The desktop publishing software maker issues a pair of fixes for previously reported cross-site scripting flaws in older versions of its PDF reader, and also patches a newly discovered problem in its ColdFusion applications development program.
Desktop publishing software vendor Adobe released a trio of security patches on Jan. 9, two of which are aimed at fixing a cross-site scripting issue lingering in earlier versions of its Reader and Acrobat products, with the third targeting a new vulnerability identified in its ColdFusion development platform.
The San Jose, Calif.-based company issued two separate bulletins meant to address the XSS flaw present in its Reader and Acrobat applications, including a server-side workaround that promises to prevent exploitation of the problem in versions 7.0.8 and earlier of the two programs.
Adobe has already patched the vulnerability in its latest iteration of the products, specifically Adobe Reader 8.
The second of the XSS patches promises to directly close-off the same problem in Adobe Reader 7.0.8 and earlier versions, as well as Acrobat Standard, Professional and Elements 7.0.8 and earlier versions, and the companys Acrobat 3D software.
Among the security researchers who first identified the XSS issue were workers on the U.S. governments computer emergency response team, or CERT, who said that the vulnerability in Adobes widely-used Acrobat plug-in could allow hackers to exploit any Web site that hosts a PDF file to launch code execution or denial-of-service attacks.
According to the company, the software glitch occurs because the Acrobat plug-in fails to properly validate URI (Uniform Resource Identifier) parameters for scripting code, allowing user-supplied scripts to execute within the context of the Web site hosting a PDF (portable document format) file. According to an advisory issued by the U.S. CERT, an attack that takes advantage of the vulnerability could be launched via Microsofts Internet Explorer or Firefox browsers.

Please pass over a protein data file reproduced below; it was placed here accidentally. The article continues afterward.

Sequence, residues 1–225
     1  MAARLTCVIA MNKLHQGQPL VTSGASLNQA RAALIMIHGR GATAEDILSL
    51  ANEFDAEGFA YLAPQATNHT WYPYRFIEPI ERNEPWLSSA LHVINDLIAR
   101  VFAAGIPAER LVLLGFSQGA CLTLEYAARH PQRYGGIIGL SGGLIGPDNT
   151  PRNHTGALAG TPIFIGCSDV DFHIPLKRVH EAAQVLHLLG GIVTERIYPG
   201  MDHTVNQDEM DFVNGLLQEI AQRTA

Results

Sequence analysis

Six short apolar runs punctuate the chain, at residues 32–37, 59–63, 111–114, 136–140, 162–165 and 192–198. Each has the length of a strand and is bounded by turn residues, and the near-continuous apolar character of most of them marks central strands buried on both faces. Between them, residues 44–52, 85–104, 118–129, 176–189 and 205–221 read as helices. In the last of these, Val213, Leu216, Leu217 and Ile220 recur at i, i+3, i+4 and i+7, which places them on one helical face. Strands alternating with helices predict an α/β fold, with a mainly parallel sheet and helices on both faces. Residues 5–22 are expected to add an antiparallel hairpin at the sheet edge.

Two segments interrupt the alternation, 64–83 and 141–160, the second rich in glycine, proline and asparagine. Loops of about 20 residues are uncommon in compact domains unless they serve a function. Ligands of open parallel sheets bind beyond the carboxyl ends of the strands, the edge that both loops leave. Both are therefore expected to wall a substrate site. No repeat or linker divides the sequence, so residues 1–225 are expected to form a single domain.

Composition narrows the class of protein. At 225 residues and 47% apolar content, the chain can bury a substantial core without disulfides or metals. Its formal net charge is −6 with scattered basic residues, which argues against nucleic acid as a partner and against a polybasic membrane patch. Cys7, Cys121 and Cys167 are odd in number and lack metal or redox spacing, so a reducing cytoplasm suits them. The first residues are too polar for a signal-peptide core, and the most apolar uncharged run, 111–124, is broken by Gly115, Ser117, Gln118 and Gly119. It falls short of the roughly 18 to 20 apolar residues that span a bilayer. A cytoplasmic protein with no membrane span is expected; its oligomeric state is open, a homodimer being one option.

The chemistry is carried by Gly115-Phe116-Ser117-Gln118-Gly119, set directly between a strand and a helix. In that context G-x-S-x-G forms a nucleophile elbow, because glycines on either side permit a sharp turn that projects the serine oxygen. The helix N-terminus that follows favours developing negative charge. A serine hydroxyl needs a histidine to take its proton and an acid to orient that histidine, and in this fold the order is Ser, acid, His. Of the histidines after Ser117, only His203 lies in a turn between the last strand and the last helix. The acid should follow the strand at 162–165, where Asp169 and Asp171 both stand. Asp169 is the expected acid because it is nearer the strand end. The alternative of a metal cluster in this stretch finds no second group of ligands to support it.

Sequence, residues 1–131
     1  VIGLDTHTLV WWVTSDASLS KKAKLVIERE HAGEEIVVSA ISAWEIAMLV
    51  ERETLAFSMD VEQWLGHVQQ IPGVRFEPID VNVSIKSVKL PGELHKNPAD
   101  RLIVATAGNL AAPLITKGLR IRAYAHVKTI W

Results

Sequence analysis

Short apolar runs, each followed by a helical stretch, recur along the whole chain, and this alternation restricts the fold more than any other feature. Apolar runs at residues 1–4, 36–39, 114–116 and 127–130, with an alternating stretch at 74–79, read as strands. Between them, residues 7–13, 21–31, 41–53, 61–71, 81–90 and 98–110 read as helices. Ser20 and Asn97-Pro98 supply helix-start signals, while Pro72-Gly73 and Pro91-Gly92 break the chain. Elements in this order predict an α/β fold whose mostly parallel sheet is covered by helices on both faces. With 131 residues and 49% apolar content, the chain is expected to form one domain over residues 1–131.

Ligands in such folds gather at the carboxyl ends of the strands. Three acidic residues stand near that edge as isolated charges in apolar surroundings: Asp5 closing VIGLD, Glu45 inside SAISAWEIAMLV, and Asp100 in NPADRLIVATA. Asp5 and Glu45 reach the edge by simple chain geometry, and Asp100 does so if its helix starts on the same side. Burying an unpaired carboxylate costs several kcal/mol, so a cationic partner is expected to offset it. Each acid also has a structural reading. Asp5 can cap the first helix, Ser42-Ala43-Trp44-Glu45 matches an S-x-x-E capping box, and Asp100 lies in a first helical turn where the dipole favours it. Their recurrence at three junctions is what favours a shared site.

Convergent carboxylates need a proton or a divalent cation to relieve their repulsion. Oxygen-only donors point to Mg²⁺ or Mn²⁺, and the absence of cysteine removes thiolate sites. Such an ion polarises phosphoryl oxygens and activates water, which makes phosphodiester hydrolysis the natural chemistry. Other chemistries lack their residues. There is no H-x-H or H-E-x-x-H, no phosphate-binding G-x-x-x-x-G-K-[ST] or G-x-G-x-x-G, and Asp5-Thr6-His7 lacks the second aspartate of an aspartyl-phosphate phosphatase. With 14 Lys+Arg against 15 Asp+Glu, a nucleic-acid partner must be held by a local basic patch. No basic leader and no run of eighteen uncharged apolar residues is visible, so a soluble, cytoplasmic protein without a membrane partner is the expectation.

XSS is a form of attack through which a hacker injects malicious code into a URL that appears to be maintained by a legitimate source, most commonly a business. When users click on a link to the infected URL, the malware code is executed on their computer, with most of the programs designed to steal valuable user information. Among the most popular targets used to deliver XSS attacks are major consumer e-commerce companies, such as online auctioneer eBay.
Click here to read more about the XSS bug in the Acrobat plug-in.
In its third security bulletin, Adobe shipped a patch for a potential vulnerability in ColdFusions URL parsing code that it said could allow an attacker to access directory listings in the softwares installation directory. Using a specially crafted command sent to the ColdFusion server, an attacker could gain access to the directory listings, Adobe reported.
The specific Adobe products affected by the flaw are its ColdFusion MX 7, ColdFusion MX 7.0.1, and ColdFusion MX 7.0.2 programs. The company indicated that the ColdFusion issue is remotely exploitable but said that the problem is specific only to some Windows installations of the software.
Much as vulnerabilities in Microsofts Windows and Office programs are magnified by the sheer volume of computers running the software, researchers said that the Adobe flaws must be considered serious as so many individuals and organizations use the companys various desktop publishing and development products.
Researchers at McAfee said on the anti-virus companys Avert Labs blog that a recent rash of problems with Adobes PDF technology, numbering six in total, should cause concern among people using the software.
"For many, the PDF has become the de-facto standard for exchanging documents," McAfee researcher Karthik Raman wrote in a blog posted on Jan. 9. "In using PDFs, some wish to sidestep the risks of malware-prone Microsoft Office documents, but with the announcement of six new PDF-related vulnerabilities in several security forums last week, we should all now be more careful with PDFs."
eWEEK Senior Editor Ryan Naraine contributed to this report.
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